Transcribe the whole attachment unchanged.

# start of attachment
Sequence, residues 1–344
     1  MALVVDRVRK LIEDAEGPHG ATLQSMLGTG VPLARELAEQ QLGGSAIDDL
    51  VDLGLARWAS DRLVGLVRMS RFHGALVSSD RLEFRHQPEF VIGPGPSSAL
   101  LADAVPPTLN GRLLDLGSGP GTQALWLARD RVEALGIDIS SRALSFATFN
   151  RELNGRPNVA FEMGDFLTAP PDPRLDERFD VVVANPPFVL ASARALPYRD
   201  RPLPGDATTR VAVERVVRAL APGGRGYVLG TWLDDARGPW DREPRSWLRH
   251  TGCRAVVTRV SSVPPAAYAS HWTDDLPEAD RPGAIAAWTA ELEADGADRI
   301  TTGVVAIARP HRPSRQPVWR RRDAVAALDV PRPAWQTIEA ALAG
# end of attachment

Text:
Sequence, residues 1–344
     1  MALVVDRVRK LIEDAEGPHG ATLQSMLGTG VPLARELAEQ QLGGSAIDDL
    51  VDLGLARWAS DRLVGLVRMS RFHGALVSSD RLEFRHQPEF VIGPGPSSAL
   101  LADAVPPTLN GRLLDLGSGP GTQALWLARD RVEALGIDIS SRALSFATFN
   151  RELNGRPNVA FEMGDFLTAP PDPRLDERFD VVVANPPFVL ASARALPYRD
   201  RPLPGDATTR VAVERVVRAL APGGRGYVLG TWLDDARGPW DREPRSWLRH
   251  TGCRAVVTRV SSVPPAAYAS HWTDDLPEAD RPGAIAAWTA ELEADGADRI
   301  TTGVVAIARP HRPSRQPVWR RRDAVAALDV PRPAWQTIEA ALAG